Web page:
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Senator: Right to bear arms unalienable

Senator: Right to bear arms unalienable

Schaefer renews effort to modify state Constitution's right to bear arms language

February 11th, 2014 in News

Just like the U.S. Constitution, state Sen. Kurt Schaefer told the Senate's Judiciary Committee Monday night, the state Constitution protects Missourians' right to bear arms.

But that right needs to be strengthened, he said.

So the Columbia Republican wants lawmakers to put a proposed constitutional amendment onto the Nov. 4 ballot, so voters can have their say, too.

Currently, the Constitution says: "That the right of every citizen to keep and bear arms in defense of his home, person and property, or when lawfully summoned in aid of the civil power, shall not be questioned; but this shall not justify the wearing of concealed weapons."

Schaefer would add, after the word "arms," the phrase "ammunition and accessories typical to the normal function of such arms."

After the word "home," he would add "family."

Because Missouri law has allowed concealed weapons for a decade, his proposed amendment removes the current language about concealed weapons.

And, Schaefer told the committee: "We've added the language, "The rights guaranteed by this section shall be unalienable. Any restriction of these rights shall be subject to strict scrutiny, and the state of Missouri shall be obligated to uphold these rights and shall, under no circumstances, decline to protect against their infringement.'"

He said that new phrase is needed to block the number of laws proposed in recent years "that are infringements on this right that is already guaranteed.

No one testified against Schaefer's proposal.

But nine people urged the committee to support the amendment, including five Mid-Missourians.

Rich Hagendorf, Holts Summit, testified for himself and for the "120 members of the Second Amendment Friends Facebook page."

He told the committee: "Rights do not come from any man, political party or faction.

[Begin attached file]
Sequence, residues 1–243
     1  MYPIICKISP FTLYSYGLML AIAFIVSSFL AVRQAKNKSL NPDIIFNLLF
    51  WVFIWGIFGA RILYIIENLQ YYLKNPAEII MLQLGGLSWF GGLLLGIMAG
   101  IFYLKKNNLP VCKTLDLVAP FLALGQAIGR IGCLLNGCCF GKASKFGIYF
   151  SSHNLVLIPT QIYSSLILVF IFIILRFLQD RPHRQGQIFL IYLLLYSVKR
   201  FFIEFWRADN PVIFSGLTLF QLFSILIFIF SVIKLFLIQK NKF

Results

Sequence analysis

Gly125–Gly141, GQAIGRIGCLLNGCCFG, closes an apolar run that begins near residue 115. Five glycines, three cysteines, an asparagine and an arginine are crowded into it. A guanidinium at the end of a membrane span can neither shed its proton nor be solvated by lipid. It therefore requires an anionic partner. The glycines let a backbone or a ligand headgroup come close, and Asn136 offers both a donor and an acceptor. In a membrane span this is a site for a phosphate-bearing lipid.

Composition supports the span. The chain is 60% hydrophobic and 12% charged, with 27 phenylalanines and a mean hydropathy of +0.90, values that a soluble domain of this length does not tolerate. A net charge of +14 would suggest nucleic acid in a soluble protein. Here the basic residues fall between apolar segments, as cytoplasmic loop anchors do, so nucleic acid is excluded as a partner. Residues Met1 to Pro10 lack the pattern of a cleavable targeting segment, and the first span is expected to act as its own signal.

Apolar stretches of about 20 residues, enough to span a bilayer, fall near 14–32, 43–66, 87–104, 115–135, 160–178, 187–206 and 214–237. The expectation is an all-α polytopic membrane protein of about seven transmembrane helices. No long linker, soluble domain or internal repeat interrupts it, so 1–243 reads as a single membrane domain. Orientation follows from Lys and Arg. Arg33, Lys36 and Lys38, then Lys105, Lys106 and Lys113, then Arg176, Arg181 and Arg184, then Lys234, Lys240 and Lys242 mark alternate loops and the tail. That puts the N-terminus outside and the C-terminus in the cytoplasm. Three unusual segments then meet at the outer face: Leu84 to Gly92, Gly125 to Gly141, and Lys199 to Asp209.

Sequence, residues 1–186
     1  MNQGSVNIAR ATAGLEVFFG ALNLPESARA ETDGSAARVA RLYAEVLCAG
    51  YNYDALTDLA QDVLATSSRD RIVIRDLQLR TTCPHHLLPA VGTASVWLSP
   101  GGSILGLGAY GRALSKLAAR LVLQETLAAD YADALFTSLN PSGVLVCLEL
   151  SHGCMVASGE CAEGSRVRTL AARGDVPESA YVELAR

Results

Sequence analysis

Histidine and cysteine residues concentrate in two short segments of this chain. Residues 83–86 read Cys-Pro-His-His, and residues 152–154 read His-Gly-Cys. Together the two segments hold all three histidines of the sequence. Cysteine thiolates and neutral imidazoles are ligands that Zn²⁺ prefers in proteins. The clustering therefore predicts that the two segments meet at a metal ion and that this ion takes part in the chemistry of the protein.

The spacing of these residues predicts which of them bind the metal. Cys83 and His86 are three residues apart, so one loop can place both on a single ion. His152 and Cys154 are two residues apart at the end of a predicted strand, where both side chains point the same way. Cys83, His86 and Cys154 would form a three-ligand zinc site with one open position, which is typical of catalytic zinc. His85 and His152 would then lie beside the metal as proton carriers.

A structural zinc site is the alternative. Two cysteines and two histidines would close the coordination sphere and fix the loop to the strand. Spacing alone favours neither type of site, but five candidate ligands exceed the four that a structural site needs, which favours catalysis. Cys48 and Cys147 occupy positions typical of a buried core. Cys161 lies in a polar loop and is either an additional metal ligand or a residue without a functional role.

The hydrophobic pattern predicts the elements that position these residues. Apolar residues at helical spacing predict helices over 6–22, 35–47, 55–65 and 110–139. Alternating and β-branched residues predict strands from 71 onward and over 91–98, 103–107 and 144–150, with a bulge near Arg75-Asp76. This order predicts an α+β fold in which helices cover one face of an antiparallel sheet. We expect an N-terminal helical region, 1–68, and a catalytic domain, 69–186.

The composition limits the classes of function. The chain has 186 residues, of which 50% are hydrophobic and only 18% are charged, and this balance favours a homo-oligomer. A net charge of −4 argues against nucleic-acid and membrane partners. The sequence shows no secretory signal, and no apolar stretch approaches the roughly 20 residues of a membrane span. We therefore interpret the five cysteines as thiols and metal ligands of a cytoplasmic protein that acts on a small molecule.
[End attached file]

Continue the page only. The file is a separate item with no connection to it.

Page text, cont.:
"Rights can only come from a superior being and, since all men are mortal, no man can grant a right."

But, he added, lawmakers can codify and protect the rights of free people, and adding the word "unalienable" to the state Constitution "is an honorable effort which I support."

Philip Todd, also from Holts Summit, agreed.

"I believe this is very important to just re-affirm that our Second Amendment is one of the most important - if not the most important - rights that we have," he said.

Peggy Crabtree Berry, Holts Summit, testified: "For 20 years, I protected my kids, by myself, out on the farm, with my .30-30. I also hunt."

She and her husband consider hunting an important activity.

"We have our freezer full of food," she explained. "I wouldn't buy it from the groceries, with all the preservatives in the foods, anymore.

"We want to get back to the basics of life."

And, she noted, people who think guns are dangerous should look at the September 2001 terrorist attacks, which were "done by jets," and the Oklahoma City bombing, that used fertilizer.

Representing the "Mid-Missouri Patriots," James Coyne of Columbia said: "If you look at any society in history, or around the world today, (one) of the first things that (every dictator) does is to restrict the rights of the people to keep and to bear arms."

The committee took no action on Schaefer's amendment, which he presented on the same day the full Senate spent about 90 minutes on Sen. Brian Nieves' new version of the "Second Amendment Protection Act."

Gov. Jay Nixon vetoed last year's version, and last September the Senate came within one vote of overriding the veto.

Opponents say the proposed law is an unconstitutional nullification of federal laws.

But Nieves, R-Washington, told colleagues: "The specific intent of this bill is to protect liberties."

The Senate took no votes Monday on Nieves' bill, with debate on it expected to resume tonight.